This is not just a statement. This will have profound consequences. For example, consider what ‘run of the mill’ artificial intelligence is already doing to the retail job market in the US. From the Financial Review:

As Amazon prepares to expand into Australia to compete against bricks and mortar retailers, the American e-commerce behemoth is destroying traditional retailers in the United States.

In the wake of Amazon’s sales dominance during Christmas season, leading US retailers are slashing thousands of jobs, shutting hundreds of stores and suffering plunging share prices.

Former top US retail executive Steve Odland told The Australian Financial Review that bricks and mortar retailers were heading for a “slow moving train wreck”.

The former Office Depot and AutoZone chief executive said the transformational shift to time-saving and convenient online shopping with Amazon would cause second-tier shopping malls to become “white elephants” and cut the values of commercial real estate.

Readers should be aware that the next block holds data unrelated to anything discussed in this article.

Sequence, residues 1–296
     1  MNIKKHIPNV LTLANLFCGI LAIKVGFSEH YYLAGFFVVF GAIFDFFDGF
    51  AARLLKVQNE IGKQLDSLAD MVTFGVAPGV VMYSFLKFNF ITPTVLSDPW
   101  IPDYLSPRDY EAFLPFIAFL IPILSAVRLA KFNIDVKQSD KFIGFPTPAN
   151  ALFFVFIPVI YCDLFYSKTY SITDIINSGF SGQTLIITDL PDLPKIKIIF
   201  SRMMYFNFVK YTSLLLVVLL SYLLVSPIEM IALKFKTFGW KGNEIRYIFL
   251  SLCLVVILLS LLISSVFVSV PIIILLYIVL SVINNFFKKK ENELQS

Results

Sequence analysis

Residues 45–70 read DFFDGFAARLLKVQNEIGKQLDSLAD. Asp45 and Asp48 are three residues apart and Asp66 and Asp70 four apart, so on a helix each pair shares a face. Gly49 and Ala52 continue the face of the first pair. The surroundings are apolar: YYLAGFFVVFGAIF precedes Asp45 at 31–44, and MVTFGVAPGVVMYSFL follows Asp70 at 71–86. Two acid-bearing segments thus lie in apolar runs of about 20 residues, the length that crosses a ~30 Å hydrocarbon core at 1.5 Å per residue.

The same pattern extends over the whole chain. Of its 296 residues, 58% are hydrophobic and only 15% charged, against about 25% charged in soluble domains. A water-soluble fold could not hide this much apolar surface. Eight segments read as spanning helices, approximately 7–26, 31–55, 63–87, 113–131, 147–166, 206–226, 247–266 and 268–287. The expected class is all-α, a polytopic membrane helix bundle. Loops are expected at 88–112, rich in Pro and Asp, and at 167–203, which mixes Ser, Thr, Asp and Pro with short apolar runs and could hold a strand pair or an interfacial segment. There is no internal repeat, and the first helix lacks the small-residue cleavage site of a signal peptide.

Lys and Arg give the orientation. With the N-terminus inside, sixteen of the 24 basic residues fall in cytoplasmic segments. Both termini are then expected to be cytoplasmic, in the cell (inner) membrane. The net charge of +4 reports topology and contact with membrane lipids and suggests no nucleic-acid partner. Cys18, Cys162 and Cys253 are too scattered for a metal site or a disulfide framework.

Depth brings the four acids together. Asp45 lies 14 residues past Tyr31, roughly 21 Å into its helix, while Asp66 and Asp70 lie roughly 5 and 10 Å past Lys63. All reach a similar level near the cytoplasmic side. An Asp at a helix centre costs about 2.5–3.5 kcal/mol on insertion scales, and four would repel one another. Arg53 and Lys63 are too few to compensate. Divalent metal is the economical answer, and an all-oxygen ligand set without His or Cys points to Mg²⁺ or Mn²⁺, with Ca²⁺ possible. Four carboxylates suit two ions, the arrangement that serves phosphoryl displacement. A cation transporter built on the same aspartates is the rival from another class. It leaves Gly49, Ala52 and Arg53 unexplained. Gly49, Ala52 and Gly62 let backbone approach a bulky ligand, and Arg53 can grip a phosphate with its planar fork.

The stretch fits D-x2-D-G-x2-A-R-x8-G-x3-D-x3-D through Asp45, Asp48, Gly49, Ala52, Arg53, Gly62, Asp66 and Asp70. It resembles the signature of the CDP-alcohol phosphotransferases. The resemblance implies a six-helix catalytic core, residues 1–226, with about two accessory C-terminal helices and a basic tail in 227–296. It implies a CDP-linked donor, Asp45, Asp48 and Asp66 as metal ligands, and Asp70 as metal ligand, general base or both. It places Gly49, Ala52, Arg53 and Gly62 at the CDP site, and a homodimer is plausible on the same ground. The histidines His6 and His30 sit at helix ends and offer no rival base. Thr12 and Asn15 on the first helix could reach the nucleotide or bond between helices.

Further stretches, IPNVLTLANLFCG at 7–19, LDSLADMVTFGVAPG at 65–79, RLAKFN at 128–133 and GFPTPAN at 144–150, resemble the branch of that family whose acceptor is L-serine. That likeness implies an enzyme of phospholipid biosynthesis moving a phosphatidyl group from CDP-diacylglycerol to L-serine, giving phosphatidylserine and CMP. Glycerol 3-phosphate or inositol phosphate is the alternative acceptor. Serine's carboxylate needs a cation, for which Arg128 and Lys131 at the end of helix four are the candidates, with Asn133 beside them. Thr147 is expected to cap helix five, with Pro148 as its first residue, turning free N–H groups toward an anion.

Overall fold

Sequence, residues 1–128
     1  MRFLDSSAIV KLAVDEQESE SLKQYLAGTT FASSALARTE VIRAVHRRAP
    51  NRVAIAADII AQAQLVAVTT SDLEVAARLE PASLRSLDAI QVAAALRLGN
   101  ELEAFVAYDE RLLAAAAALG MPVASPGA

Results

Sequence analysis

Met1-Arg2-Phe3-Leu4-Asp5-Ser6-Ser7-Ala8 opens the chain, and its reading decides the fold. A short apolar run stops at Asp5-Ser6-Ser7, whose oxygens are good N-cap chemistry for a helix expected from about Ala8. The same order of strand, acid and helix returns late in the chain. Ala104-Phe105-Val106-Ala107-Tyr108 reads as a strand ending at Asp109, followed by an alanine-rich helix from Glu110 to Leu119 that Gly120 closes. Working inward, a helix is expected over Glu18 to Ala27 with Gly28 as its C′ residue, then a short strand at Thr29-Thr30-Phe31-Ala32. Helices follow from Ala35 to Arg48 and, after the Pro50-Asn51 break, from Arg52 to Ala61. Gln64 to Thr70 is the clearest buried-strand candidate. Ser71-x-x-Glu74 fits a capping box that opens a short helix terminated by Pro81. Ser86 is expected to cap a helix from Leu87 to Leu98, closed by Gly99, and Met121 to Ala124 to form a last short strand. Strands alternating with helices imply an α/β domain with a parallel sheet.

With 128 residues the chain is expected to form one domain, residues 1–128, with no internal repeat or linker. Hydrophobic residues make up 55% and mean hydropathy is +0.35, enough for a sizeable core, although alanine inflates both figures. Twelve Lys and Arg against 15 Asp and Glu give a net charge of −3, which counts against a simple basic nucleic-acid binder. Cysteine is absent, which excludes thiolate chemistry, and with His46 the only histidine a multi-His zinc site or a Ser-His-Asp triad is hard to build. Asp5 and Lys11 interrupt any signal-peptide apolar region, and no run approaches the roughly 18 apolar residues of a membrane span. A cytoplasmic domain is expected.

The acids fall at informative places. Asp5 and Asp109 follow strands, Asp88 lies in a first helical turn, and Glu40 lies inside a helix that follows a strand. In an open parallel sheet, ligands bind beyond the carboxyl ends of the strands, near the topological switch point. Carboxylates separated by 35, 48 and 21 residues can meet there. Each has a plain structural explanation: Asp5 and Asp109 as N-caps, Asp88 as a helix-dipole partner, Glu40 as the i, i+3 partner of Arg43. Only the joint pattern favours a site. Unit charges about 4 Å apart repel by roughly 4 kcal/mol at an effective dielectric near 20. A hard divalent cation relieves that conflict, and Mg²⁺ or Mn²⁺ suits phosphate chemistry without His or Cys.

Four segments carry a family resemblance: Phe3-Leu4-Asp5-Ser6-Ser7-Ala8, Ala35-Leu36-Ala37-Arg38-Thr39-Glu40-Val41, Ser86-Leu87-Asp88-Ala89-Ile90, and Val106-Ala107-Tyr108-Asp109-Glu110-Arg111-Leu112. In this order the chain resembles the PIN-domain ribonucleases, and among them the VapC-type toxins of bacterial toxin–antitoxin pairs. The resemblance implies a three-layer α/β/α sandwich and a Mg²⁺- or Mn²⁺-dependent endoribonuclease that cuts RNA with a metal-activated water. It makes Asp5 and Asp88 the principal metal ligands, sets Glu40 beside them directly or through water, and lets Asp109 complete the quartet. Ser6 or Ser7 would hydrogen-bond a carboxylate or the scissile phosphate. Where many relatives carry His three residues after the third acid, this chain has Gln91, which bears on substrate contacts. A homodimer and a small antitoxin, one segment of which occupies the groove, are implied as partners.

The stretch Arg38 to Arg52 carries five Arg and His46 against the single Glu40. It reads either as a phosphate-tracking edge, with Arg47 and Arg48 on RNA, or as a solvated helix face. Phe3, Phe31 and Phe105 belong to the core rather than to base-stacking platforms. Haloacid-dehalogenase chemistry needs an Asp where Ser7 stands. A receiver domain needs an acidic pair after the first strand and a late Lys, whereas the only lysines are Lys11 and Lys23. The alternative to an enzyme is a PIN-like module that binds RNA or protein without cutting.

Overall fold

Amazon is harnessing various forms of basic AI to take market share from its competitors. It’s not going to stop, in retail or other industries.

There will be massive changes to the job market for the next generation. Whole industries will no longer exist.

If you’ve done your bit and are now retired, be thankful. If you experienced job disruption during your career, you’ll know firsthand what I’m talking about.

If you plan to invest and look after your finances for the next 20 years-plus, you absolutely must understand what’s coming. It won’t happen overnight. But it is happening now, and Amazon’s entry into Australia is evidence of it.

Don’t be like my mother and resist change. Don’t be like my father-in-law and live in the past. Embrace change, and profit from it.

How?